abawchen's graffiti

17 Dec 2017

GitLab CI Part 1

Continuous Integration(CI) and Continuous Delivery (CD) become more and more popular and important in software development, but today I will not talk about why CI/CD, but focus on the hands-on stuff instead.

I choose GitLab CI as the solution, and will explain the reason later, that in this series of posts, I will cover the following topics:

  • Why GitLab CI? And it’s pipeline and architecture
  • How to setup runner for GitLab CI/CD
  • .gitlab-ci.yml introduction
  • Real practice with NodeJS, Android, and iOS CI setup

First, this ariticle will give you the basic understanding of how it works.

Why GitLab CI

First, GitLab CE provides the unlimited repositories and members for free :p

Regarding CI we go with Jenkins at the beginning, but I don’t like its ui style :p, and the configration is a little bit complex. Given that, I start to look around and find the GitLab’s latest version (10.x) has enabled CI by default, which means we don’t need to login to another website to check the CI status.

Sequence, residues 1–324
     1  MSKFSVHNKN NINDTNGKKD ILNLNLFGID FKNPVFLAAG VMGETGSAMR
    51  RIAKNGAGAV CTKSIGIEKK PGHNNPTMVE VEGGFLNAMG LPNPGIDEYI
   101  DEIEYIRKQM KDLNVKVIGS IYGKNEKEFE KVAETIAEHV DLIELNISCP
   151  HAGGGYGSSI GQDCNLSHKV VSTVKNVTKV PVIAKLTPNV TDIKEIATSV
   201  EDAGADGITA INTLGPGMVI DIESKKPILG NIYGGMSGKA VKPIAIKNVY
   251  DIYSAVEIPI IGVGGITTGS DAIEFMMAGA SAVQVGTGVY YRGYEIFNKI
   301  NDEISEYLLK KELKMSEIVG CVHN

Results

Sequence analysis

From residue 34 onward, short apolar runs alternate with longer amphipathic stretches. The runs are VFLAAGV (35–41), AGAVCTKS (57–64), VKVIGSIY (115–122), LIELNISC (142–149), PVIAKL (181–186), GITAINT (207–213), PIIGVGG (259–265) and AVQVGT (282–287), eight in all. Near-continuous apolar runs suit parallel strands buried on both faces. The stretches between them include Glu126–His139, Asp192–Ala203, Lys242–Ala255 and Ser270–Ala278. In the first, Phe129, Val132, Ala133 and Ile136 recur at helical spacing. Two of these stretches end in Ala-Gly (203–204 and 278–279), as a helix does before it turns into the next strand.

Besides, the CI pipeline runner can be installed at any kinds of instance easily, and pipeline can be configured in the .yml and can be managed in the same repository of git.

Last, there is nothing blocking my team’s main ci process so far (Yes, there are something wanted features not supported by CE version.)


GitLab CI Pipeline

As you can see, pipeline is the set of definition of build, test, deploy, and triggered by commit(mostly). Once we define the step in the .yml, the registered runner will take care all of these stuff automatically.


GitLab CI Architecture

GitLab CI architecture is really simple - once GitLab server as the git respository, one there is any gitlab runner registered, the related-jobs would be dispatched correspondingly, and report its result (console log) to GitLab server.

With the basic concept, I will detail the steps about how to setup up it in the following posts.

Til next time,
abawchen at 09:27